Download the Full-Size Image
While many tech bloggers live for the instant, drug-like satisfaction of hitting the Digg front page, or getting picked up by StumbleUpon or Slashdot, that rush of one-time visitors doesn't last long, and they won't come back again. A Digg visitor is usually one that won't comment, won't bookmark, and won't remember your URL.
Repeat visitors to tech blogs usually aren't forged by traffic spikes from well-known news hubs. Nor are they from search engines. It's a rare blog or Web site that can drive both high levels of both one-time visitors and repeat visitors. In fact, in my experience over the last two years of technology blogging, the very best sources for repeat, engaged visitors are:
1. Robert Scoble / Scobleizer
3. My own comments on similarly-focused blogs
4. Links from other B-List Bloggers
5. Shared Link Blogs (such as those from Scoble, Webomatica and others)
In fact, while I don't want to give Robert all the credit here, I have seen his hand in some of my highest-traffic posts. Often, his addition of my posts to his shared link blog or his own blog later leads to other bloggers linking, which pushes my post to TechMeme, in turn, leading to more follow-on posts and residual traffic.
But I can't just sit around and "write for Scoble", hoping he'll throw pixie dust my way. In order to engage with the crowd and encourage return visits, I need to link to others, make comments on other similar blogs, and make tools for engagement, like my RSS feed and MyBlogLog, easily accessible.
Thus, I've broken the Link Power Index into four sections:
1. High spikiness, low stickiness (Digg, StumbleUpon, Reddit, Megite, Slashdot)
2. Low spikiness, low stickiness (Google, Facebook, Technorati, Yahoo!)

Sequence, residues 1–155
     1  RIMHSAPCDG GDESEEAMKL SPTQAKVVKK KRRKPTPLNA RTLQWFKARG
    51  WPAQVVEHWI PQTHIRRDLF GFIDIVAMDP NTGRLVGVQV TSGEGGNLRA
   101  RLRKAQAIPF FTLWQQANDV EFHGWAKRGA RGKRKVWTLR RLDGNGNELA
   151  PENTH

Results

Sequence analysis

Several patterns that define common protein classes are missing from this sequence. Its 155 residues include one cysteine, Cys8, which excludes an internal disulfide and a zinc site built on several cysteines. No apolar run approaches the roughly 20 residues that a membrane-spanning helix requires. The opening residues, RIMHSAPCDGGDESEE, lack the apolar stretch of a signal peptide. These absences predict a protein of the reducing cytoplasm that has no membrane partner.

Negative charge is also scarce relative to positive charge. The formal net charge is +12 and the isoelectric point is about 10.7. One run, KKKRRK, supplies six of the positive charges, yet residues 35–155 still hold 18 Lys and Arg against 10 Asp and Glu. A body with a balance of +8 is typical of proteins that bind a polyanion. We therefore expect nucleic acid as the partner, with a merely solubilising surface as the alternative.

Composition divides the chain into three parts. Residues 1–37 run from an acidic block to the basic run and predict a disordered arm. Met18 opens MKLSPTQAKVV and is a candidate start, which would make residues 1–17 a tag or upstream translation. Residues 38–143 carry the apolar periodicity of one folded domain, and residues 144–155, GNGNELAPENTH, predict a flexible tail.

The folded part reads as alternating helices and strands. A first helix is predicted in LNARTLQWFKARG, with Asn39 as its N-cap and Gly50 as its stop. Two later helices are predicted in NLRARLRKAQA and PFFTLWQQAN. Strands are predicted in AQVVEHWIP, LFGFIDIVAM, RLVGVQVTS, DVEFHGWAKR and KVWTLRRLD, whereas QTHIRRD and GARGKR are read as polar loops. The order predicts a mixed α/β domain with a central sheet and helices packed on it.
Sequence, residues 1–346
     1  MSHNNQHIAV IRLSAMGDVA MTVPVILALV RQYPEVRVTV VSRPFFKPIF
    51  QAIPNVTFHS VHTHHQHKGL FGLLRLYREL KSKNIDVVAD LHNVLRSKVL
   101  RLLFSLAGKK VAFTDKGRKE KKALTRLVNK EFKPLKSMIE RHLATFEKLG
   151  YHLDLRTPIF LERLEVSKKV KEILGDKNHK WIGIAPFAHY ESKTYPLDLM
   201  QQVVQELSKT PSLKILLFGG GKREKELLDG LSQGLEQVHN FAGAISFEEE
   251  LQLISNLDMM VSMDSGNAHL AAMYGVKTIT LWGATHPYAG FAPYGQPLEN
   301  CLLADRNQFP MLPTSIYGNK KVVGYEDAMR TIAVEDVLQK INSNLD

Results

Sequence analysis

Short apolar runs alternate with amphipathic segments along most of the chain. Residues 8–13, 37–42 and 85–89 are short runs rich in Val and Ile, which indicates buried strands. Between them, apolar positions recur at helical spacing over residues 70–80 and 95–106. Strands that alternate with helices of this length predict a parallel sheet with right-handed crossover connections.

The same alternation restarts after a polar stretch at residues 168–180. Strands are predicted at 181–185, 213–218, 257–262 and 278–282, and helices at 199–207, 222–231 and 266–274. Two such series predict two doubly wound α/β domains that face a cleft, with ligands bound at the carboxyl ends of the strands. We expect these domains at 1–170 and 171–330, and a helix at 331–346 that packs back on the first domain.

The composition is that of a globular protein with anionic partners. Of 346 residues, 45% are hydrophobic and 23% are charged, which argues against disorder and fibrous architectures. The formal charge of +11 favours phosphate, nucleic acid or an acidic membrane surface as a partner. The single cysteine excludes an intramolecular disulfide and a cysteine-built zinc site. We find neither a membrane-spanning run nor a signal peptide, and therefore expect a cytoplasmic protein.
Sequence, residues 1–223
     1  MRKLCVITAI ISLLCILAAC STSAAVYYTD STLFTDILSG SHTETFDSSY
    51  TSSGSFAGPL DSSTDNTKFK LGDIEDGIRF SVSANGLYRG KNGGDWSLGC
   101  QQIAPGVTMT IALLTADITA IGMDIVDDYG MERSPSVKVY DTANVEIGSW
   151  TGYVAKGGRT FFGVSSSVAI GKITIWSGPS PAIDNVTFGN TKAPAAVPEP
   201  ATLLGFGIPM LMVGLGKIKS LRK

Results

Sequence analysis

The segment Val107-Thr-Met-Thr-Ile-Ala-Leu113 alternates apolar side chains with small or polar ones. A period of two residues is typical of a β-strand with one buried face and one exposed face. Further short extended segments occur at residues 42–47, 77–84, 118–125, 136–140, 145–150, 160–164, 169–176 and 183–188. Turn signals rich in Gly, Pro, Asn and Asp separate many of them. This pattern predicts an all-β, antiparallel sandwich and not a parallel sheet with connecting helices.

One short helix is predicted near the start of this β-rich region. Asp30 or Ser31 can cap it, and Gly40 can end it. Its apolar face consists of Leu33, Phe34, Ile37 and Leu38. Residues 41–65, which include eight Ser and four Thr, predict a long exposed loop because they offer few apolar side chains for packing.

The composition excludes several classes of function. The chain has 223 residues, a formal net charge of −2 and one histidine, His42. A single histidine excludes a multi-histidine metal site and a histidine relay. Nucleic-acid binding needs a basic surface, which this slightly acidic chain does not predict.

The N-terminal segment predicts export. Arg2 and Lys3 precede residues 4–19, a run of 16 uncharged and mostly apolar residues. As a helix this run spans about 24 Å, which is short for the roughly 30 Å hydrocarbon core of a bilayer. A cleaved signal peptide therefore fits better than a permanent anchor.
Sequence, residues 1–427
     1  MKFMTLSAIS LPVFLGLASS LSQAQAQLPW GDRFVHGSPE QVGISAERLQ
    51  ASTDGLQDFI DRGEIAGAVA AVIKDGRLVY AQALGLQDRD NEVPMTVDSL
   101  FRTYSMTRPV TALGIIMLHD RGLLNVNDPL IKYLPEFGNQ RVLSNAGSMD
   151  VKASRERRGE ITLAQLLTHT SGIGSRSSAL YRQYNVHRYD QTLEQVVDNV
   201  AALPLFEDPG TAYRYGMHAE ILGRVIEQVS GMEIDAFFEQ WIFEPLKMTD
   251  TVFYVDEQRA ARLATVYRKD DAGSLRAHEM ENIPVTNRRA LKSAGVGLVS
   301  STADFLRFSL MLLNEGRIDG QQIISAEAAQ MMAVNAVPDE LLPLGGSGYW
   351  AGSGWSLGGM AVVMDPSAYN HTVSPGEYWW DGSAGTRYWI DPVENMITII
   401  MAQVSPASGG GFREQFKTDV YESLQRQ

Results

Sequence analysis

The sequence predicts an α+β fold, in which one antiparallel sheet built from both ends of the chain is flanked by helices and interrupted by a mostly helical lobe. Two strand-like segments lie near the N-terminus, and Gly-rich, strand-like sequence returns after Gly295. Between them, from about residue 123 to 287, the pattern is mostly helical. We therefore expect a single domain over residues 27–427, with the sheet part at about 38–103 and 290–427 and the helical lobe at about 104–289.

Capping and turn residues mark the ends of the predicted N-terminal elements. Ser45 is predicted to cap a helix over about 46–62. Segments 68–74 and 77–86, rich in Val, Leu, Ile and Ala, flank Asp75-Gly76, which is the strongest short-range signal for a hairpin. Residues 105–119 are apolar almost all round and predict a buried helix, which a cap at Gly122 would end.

3. Low spikiness, high stickiness (RSS, word of mouth, comments, LinkedIn, B-List linking)
4. High spikiness, high stickiness (Scobleizer, TechMeme, Shared Link Blogs, MacSurfer)
Last month, "BeachBum" asked, in regards to some of my less-desirable visitors from Google Images, "Do you find that the porn traffic converts or do they just come and go?". The answer is no. None of them convert. Unless I start writing about porn full-time, they're not coming back, and that's okay. While a one-time visitor may have found a keyword sequence on Google that had your blog listed #1 overall, it's unlikely they're your demographic.
In fact, surprisingly, links from B-List and A-List bloggers have been more useful to me than links from more mainstream media. While I was flattered to see coverage of one of September's posts on MSNBC.com and the Houston Chronicle, they didn't drive the traffic of a strong link aggregator, and their visitors, as far as I could tell, were one-offs.
If you want a one-time spike of traffic, go ahead and write to make the front page of Digg (Yuvi Panda's Round 2 analysis of Digg's front page shows how...) or get a group of friends to Stumble your content. But to cultivate readers and engage with the blogging community, you should comment often, share ideas with your peers, and hope somebody with real pull, like Scoble, or MacSurfer, notices your effort.
The above image is how I've interpreted sticky traffic vs. spiky traffic to louisgray.com in the last year-plus. Do you have any comments or insight? Am I off the mark, or have you seen similar behavior? Please let me know, and feel free to use the image yourself. Links back are always appreciated.
Also on this topic: Chris Brogan: Scoble Effect Better Than Digg and Search Engine Land: December 2006 Statistics Review